Category Archives: poetry

Eunoia

EunoiaBy Christian Bok (2001)
‘Eunoia’ which means ‘beautiful thinking’ is the shortest English word to contain all five vowels. This book also contains them all, except that each one appears by itself in its own chapter. A unique personality for each vowel soon emerges: the courtly A, the elegiac E, the lyrical I, the jocular O, and the obscene U. A triumphant feat, seven years in the making, this uncanny work of avant-garde literature promises to be one of the most important books of the decade.

Posted in fiction, language, poetry

The Ruin of Representation in Modernist Art and Texts

The ruin of representation in modernist art and texts (Studies in the fine arts)By Jo Anna Isaak (1986)
An investigation of the relationship of painting and literature, and the emergence of abstraction in art and writing, discussing figures such as James Joyce, Picasso, Gertrude Stein, and Wyndham Lewis.

Posted in art, history, language, poetry, theory

Imagining Language

Imagining Language: An AnthologyBy Jed Rasula and Steve McCaffery (1998)
When works such as Finnegans Wake and Tender Buttons were first introduced, they went so far beyond prevailing linguistic standards that they were widely considered “unreadable,” if not scandalous. Jed Rasula and Steve McCaffery take these and other examples of twentieth-century avant-garde writing as the starting point for a collection of writings that demonstrates a continuum of creative conjecture on language from antiquity to the present. The result is more laboratory than inventory. The anthology, which spans three millennia, generally bypasses chronology in order to illuminate unexpected congruities between seemingly discordant materials. Thus the juxtaposition of Marcel Duchamp and Jonathan Swift, of Victor Hugo and Easter Island “rongo rongo.”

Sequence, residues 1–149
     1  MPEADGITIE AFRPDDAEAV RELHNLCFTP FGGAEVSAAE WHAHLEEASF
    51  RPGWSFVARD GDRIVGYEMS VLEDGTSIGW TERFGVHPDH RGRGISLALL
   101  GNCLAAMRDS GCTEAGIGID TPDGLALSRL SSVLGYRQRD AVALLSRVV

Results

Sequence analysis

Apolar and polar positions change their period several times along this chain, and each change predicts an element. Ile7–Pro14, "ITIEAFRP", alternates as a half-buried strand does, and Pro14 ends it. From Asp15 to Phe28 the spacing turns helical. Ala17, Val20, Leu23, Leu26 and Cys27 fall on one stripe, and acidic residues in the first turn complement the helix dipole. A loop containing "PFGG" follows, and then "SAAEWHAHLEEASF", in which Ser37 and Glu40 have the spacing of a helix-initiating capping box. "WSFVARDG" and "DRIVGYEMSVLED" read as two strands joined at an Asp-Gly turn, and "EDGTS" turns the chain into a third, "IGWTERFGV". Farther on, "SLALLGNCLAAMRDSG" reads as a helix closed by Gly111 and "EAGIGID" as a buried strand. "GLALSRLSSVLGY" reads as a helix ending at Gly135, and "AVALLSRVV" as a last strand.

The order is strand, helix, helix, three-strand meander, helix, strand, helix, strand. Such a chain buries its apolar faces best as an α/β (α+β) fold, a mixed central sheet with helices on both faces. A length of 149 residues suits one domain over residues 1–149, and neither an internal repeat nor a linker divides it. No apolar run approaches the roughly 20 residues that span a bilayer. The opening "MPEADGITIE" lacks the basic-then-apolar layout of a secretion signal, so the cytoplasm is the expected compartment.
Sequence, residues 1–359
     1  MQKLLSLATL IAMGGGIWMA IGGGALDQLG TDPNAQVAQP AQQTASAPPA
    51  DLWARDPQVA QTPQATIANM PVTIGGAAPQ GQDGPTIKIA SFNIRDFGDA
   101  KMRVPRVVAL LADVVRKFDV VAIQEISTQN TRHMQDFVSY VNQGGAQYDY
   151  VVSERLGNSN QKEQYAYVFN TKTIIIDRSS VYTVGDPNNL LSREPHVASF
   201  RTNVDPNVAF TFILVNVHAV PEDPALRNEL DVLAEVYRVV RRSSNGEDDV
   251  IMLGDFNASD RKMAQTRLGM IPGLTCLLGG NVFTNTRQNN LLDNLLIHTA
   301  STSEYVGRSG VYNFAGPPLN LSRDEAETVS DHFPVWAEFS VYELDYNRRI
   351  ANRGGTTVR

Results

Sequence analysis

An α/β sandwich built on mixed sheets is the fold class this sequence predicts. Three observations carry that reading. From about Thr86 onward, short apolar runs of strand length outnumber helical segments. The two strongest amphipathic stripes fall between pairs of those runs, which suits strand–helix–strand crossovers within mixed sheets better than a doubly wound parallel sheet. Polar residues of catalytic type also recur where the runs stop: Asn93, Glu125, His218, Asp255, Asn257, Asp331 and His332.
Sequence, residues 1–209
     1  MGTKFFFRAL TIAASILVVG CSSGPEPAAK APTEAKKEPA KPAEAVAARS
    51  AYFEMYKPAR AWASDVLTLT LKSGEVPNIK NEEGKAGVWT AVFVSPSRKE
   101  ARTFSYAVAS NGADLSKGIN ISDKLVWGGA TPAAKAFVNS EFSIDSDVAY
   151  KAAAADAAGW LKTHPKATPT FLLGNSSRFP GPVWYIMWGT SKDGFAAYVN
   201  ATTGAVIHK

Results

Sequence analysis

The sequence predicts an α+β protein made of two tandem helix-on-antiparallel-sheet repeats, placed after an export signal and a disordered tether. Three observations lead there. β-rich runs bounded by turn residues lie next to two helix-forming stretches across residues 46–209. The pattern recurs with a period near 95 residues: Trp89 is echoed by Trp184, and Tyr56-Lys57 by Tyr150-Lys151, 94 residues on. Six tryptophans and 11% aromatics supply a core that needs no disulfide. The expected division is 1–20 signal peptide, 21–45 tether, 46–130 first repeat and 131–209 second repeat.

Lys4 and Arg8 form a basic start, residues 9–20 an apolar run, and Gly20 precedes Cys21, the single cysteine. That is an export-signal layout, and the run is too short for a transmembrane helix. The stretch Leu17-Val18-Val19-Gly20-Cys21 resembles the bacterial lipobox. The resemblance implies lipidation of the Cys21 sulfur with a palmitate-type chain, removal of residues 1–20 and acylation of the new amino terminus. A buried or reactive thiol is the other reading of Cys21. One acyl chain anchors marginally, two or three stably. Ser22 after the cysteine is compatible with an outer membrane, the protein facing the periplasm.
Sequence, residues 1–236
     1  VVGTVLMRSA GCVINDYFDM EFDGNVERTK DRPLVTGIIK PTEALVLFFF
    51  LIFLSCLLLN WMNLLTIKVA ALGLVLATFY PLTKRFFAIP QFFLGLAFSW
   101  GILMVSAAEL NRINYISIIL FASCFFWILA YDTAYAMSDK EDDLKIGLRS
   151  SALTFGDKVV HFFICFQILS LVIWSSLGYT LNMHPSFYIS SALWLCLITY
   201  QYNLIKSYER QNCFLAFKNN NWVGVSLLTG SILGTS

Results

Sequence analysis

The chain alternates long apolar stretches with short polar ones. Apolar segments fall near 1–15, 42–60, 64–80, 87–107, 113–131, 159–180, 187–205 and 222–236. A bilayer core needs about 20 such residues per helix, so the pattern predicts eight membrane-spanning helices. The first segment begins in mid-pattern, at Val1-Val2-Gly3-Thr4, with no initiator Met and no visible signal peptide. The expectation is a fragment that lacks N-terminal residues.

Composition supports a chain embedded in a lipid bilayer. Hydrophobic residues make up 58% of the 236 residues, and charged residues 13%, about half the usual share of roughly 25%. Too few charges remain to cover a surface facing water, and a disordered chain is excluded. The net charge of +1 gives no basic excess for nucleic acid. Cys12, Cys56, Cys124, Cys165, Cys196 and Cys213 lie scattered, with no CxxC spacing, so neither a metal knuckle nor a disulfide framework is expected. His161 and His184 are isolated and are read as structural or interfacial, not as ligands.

Posted in art, language, poetry, theory

Juniper Fuse: Upper Paleolithic Imagination and the Construction of the Underworld

Juniper Fuse: Upper Paleolithic Imagination & the Construction of the UnderworldBy Clayton Eshleman (2003)
This arresting diptych of verse and philosophical prose charts a twenty-five-year obsession with the prehistoric cave paintings of southwestern France. The region’s enigmatic art work, dating from the Upper Paleolithic era, has been a constant muse for Eshleman, whose wildly discursive style mirrors the superimposed scenes of animal herds and shamanistic figures that populate the cave walls. Breathless accounts of cave exploration appear in counterpoint with poems in eerily primordial voices. Although his thesis that all art results from the separation anxiety between human and animal is unpersuasive, there is an impressive exuberance to his efforts to trace back to this common source everything from Greek myth to Allen Ginsberg. For Eshleman, it seems, the artist’s imaginative predicament is something of a cave itself, both maze and refuge.

Posted in art, consciousness, history, philosophy, poetry